The third-largest hog producer in the United States is buying more wheat for its animals to eat as prices head ever lower, making it an attractive alternative to corn.
"We're right in the thick of changing feed rations," said Aaron Gaines, vice-president of technical resources and support operations at Carlyle, Ill.-based The Maschhoffs.
Feed rations represent 65 percent of total operating expenses for The Maschhoffs, a family-owned company that says it produces enough hogs for packers to feed 16 million consumers a year.
Typically, hogs eat a mix of 80 percent corn and 20 percent soybean meal, but that can vary depending on cost relative to common alternatives such as distillers' dried grains (DDGs), a corn byproduct.
But wheat, normally too expensive to feed to animals, has tumbled in price recently as a huge harvest rolls in from the U.S. Plains and Midwest.
Futures for wheat in Chicago hit a six-year low on Thursday at $4.36 per bushel while Kansas City hard red winter wheat touched $3.98¾ per bushel, its lowest price for a decade.
Wheat boasts higher protein content than corn and weighs more per bushel. Economists calculate that therefore once it is less than 110 percent the price of corn, producers can benefit from switching feed supplies.
Chris Hurt, economist at Purdue University, said the difference in weight per bushel gave wheat about 7 percent more value than corn while the higher protein levels kick that up to 10-12 percent on a bushel basis.
The Maschhoffs is currently bidding at about 103 percent of the corn price, Gaines said.
"Right now the wheat is pricing into our rations," he said, adding they would start using it as soon as possible to try to stretch out corn until the new harvest arrived in the autumn.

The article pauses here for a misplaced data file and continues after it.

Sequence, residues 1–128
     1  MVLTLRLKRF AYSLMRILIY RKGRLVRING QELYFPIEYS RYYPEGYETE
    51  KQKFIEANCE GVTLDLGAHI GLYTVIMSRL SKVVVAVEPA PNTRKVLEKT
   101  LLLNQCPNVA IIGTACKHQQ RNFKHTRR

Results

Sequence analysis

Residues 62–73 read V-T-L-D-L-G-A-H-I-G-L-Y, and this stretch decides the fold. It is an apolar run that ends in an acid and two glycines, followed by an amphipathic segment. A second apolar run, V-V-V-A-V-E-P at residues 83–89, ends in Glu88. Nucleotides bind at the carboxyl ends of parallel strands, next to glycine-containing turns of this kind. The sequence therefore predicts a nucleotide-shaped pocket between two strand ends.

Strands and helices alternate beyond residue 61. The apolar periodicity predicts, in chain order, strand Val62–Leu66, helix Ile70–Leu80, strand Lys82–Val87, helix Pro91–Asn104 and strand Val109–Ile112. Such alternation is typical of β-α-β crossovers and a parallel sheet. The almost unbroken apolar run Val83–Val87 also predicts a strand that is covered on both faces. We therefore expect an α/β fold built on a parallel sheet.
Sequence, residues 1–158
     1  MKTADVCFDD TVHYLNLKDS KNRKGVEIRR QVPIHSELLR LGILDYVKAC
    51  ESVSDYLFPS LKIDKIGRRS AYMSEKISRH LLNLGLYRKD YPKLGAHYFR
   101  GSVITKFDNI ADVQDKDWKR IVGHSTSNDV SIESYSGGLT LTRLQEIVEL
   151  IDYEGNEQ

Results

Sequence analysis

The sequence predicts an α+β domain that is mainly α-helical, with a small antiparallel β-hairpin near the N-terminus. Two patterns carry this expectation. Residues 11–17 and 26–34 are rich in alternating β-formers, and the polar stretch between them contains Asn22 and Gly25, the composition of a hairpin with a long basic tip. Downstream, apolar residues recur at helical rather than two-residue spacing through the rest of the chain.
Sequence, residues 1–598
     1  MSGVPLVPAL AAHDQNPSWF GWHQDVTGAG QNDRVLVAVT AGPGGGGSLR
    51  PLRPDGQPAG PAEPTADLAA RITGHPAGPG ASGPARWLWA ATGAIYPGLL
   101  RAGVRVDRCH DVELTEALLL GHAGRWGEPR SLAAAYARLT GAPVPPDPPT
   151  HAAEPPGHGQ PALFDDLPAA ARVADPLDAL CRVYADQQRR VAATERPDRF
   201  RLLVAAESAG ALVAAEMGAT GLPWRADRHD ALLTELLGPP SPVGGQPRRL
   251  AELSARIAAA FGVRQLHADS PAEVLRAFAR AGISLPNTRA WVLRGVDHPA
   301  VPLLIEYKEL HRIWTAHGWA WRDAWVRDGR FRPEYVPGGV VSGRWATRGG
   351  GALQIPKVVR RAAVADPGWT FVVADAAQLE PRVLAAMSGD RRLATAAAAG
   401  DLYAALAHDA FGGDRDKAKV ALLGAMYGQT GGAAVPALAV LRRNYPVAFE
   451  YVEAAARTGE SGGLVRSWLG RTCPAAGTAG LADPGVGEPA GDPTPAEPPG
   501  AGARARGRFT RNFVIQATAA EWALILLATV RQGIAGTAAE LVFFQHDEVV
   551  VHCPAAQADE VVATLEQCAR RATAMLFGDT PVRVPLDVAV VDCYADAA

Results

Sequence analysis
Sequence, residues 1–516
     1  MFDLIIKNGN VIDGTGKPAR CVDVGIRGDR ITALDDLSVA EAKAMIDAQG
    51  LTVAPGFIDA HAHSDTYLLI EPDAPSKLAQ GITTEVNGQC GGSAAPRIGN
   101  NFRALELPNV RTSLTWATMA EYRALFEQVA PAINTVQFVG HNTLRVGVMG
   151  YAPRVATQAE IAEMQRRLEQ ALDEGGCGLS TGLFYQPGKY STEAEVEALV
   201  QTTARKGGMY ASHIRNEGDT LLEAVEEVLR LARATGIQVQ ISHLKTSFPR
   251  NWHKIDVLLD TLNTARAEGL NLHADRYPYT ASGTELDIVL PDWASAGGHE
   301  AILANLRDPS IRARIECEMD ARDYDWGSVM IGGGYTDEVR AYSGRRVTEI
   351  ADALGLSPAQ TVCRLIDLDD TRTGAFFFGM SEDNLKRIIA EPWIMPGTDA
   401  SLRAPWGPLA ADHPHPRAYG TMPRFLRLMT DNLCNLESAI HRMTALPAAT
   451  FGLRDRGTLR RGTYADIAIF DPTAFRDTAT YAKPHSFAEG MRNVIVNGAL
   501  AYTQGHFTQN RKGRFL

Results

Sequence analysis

Farmers are holding off sales of their stocks of corn because they think supplies could tighten ahead of harvest, pushing prices higher, Gaines said.
A potential La Niña weather pattern in July and August could result in drier conditions and shrink corn yields.
Wheat can replace about 50 percent of corn for young pigs and 100 percent for adult hogs, Gaines said.
But feeding wheat instead of corn is not always straightforward.
Wheat can carry a fungal disease known as vomitoxin and high concentrations can sicken hogs.
"We test for (vomitoxin) in inbound wheat and we have a discount schedule. At a certain level we'll reject that grain and not feed it at all because it's more costly in terms of the animal performance versus the value of grain," said Gaines.
Experts also recommend grinding wheat a little coarser than corn as it can create ulcers in pigs if ground too fine.
Half the feed used by the company is produced from its own mills, which will use roughly 1 million tons of complete feed this year.
The other half comes from mills that are independently owned and contracted to produce feed to meet The Maschhoffs' specifications.
Of the feed mills owned by The Maschhoffs, about half have on-site grain storage.
"We've got well over 50 percent of our total needs stored on site for the year, all for internal use and not for sale," said Gaines.